- Oil a medium skillet. Add in your onion and celery and seasoning of choice. Cook for about 6 minute so medium or until onion brown a bit.
- Next add your coconut flour and milk to the skillet. Stir together with the celery and onion mix until no longer clumpy. this basically acts as a thickener. It’s okay if it’s not a smooth mixture, just make sure it’s mixable when adding to the zucchini noodles..
- Add your zucchini noodles to the skillet and toss all together. Cover and let the noodles and mix cook together for 1 or 2 minutes on medium heat until zucchini is softened but not thoroughly cooked. Don’t let it get soggy
- NOTE –> Try to press out ALL water from tuna and zucchini before mixing all together. You don’t want the casserole to have too much liquid
- Remove skillet from heat and pour contents into a large bowl.
- Mix your tuna/green chile mix in the same large bowl (with the zoodles/milk/onion mix). Toss everything together.
- Pour mix from the large bowl into your casserole dish. Top with extra seasoning of choice.
- Bake for 15 -20 minutes or until edges are brown. If the casserole does not brown after 15 minutes, leave in an extra 5 -10 or until crispy edges.
- Broil last minute or so to make crispier edges. Remove from oven.
- Garnish with herbs and top and optional sliced lemon.
- Serve immediately. Keeps well in sealed container in fridge for up to 1 week. Freezes for up to 6 weeks but will contain extra water once thawed out.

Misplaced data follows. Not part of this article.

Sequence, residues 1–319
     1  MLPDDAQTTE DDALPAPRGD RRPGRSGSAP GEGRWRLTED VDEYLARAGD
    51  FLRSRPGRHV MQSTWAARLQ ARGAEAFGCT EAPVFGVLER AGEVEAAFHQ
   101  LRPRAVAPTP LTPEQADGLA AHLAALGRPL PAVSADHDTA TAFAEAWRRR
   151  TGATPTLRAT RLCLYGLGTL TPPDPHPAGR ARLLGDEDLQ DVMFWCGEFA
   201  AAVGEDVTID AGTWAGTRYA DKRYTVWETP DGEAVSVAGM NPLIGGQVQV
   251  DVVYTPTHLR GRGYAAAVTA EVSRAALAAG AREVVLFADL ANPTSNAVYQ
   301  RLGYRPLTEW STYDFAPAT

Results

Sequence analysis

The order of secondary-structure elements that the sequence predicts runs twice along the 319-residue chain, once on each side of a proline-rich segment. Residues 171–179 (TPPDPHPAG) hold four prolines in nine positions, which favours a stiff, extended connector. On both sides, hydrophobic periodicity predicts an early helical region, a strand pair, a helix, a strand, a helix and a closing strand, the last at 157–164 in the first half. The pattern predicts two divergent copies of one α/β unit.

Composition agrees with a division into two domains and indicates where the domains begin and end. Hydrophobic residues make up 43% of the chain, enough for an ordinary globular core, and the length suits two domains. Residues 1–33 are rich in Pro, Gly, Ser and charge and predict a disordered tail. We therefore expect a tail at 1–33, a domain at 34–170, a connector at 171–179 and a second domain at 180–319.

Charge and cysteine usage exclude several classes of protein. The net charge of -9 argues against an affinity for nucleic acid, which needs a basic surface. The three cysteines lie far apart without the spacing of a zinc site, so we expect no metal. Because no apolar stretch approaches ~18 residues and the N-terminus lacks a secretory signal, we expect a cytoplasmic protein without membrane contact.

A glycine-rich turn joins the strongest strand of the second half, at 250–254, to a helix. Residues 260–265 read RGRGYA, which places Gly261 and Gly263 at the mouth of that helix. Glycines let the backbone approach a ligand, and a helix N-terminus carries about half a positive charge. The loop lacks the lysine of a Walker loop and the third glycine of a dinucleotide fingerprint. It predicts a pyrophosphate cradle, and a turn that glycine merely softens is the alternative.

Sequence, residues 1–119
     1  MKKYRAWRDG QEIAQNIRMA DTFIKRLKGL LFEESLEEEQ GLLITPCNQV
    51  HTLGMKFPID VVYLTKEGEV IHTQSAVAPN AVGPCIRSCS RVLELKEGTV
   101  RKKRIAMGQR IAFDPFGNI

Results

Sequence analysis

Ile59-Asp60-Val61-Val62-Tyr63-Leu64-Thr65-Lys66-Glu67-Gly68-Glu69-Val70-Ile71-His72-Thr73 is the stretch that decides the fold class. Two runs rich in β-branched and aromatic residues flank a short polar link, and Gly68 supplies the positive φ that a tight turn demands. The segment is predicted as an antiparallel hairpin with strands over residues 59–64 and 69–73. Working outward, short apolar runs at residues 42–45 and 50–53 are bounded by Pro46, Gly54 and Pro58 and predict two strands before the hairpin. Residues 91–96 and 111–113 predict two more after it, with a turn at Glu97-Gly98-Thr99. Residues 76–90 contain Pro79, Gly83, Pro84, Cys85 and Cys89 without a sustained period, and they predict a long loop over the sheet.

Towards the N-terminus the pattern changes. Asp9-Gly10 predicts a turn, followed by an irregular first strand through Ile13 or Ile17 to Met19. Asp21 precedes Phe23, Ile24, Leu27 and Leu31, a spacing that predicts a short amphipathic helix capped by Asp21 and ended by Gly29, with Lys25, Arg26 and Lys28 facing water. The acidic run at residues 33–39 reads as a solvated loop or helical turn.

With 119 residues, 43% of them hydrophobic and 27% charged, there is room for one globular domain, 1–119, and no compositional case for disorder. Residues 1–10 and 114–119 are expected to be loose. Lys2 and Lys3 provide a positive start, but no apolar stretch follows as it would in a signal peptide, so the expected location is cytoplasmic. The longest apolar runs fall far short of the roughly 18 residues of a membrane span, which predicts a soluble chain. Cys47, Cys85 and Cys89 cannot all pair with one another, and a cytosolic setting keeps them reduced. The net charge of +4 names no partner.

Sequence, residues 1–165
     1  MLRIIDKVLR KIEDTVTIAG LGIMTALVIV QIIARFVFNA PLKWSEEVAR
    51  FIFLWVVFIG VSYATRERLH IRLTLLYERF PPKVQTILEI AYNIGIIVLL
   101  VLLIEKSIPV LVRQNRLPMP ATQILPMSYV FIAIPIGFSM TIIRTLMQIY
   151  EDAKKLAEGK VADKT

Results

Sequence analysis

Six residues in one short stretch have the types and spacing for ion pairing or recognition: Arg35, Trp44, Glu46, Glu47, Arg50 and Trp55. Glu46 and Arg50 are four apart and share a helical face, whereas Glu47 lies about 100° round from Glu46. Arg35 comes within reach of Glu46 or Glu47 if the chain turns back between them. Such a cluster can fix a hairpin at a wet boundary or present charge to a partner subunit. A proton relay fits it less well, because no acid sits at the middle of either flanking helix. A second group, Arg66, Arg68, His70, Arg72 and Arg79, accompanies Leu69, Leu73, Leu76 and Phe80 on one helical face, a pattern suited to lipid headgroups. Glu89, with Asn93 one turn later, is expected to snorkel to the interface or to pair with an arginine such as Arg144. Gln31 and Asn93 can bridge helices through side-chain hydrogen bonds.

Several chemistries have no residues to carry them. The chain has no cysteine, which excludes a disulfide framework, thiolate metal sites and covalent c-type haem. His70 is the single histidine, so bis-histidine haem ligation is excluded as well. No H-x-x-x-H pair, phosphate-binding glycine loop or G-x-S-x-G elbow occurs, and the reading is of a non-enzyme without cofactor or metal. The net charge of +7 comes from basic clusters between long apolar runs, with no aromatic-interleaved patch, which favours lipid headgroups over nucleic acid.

- Feel free to freeze this dish, but it will have extra water once thawed due to the zucchini. I simply add in more flour or a bit more fresh zucchini.
- Tapioca starch will be fine if you don’t have coconut flour. Personally, I prefer to use tapioca or arrowroot flour. For Keto friendly ingredients, use sifted coconut flour to avoid clumping. This is your “thickener” for the casserole.
- ZUCCHINI NOODLE NOTES –> Try to press out ALL water from tuna and zucchini before mixing all together. You don’t want the casserole to have too much liquid. You can also place the zucchini noodles on a baking sheet and “bake” at 250F for 20-30min (depending on the thickness). Thanks to Reader Missy for this tip!
Please comment or email me if you have ANY questions!
- Category: dinner
- Method: baking
- Cuisine: American
- Serving Size: 1
- Calories: 209
- Sugar: 3.3g
- Sodium: 507mg
- Fat: 16.1g
- Saturated Fat: 0.2g
- Carbohydrates: 6.6g
- Fiber: 2.4g
- Protein: 10.3g
- Cholesterol: 22.6mg
Keywords: zucchini casserole, keto tuna casserole, paleo, whole 30, healthy, dairy free
For those of you curious about WHOLE30. What is it? Who should do it, etc.
What is Whole30?
Whole30 is a 30-day elimination diet (like sugar, grains, dairy, and legumes). Its purpose is to find out which foods are having a negative impact on your health and to remedy that.
To be honest, I don’t participate in Whole30. I already have a specific diet for my current nutritional needs, which eliminates food allergies from time to time as needed.
That being said, I think if you are wanting to see if you are intolerant to certain foods (and are in the right body /mindset), then you can totally try Whole30! It’s good to be aware of how our body responds when we focus on real foods or lack of certain modern day food. Especially if you are having chronic health issues. If that makes sense?
“Think of it as a short-term nutritional reset, designed to help you put an end to unhealthy cravings and habits, restore a healthy metabolism, heal your digestive tract, and balance your immune system.” – Whole30 Program
Okay friends, tell me…
Tuna noodle casserole. Did your mom make it? Would you try this zucchini casserole instead? You should. REALLY!